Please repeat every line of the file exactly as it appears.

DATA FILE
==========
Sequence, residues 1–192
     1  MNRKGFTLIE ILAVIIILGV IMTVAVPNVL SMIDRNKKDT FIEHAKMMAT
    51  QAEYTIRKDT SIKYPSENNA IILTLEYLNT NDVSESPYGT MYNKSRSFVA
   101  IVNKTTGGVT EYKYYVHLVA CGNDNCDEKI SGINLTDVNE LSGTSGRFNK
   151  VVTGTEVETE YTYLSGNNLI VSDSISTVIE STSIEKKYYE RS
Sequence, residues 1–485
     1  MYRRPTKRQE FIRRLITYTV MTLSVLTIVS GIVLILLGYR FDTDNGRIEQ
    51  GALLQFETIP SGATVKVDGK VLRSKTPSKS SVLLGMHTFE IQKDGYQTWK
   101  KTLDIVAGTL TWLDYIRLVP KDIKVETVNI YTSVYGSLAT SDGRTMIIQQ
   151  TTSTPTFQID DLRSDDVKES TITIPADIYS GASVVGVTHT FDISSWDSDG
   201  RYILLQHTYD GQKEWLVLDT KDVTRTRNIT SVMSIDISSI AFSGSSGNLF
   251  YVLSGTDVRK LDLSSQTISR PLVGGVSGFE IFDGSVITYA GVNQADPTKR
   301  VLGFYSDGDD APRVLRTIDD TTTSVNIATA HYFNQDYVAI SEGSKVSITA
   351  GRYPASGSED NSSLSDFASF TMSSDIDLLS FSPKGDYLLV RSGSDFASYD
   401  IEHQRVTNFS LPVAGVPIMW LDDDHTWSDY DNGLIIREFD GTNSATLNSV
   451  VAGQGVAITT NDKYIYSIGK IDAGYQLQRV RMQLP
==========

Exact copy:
Sequence, residues 1–192
     1  MNRKGFTLIE ILAVIIILGV IMTVAVPNVL SMIDRNKKDT FIEHAKMMAT
    51  QAEYTIRKDT SIKYPSENNA IILTLEYLNT NDVSESPYGT MYNKSRSFVA
   101  IVNKTTGGVT EYKYYVHLVA CGNDNCDEKI SGINLTDVNE LSGTSGRFNK
   151  VVTGTEVETE YTYLSGNNLI VSDSISTVIE STSIEKKYYE RS
Sequence, residues 1–485
     1  MYRRPTKRQE FIRRLITYTV MTLSVLTIVS GIVLILLGYR FDTDNGRIEQ
    51  GALLQFETIP SGATVKVDGK VLRSKTPSKS SVLLGMHTFE IQKDGYQTWK
   101  KTLDIVAGTL TWLDYIRLVP KDIKVETVNI YTSVYGSLAT SDGRTMIIQQ
   151  TTSTPTFQID DLRSDDVKES TITIPADIYS GASVVGVTHT FDISSWDSDG
   201  RYILLQHTYD GQKEWLVLDT KDVTRTRNIT SVMSIDISSI AFSGSSGNLF
   251  YVLSGTDVRK LDLSSQTISR PLVGGVSGFE IFDGSVITYA GVNQADPTKR
   301  VLGFYSDGDD APRVLRTIDD TTTSVNIATA HYFNQDYVAI SEGSKVSITA
   351  GRYPASGSED NSSLSDFASF TMSSDIDLLS FSPKGDYLLV RSGSDFASYD
   401  IEHQRVTNFS LPVAGVPIMW LDDDHTWSDY DNGLIIREFD GTNSATLNSV
   451  VAGQGVAITT NDKYIYSIGK IDAGYQLQRV RMQLP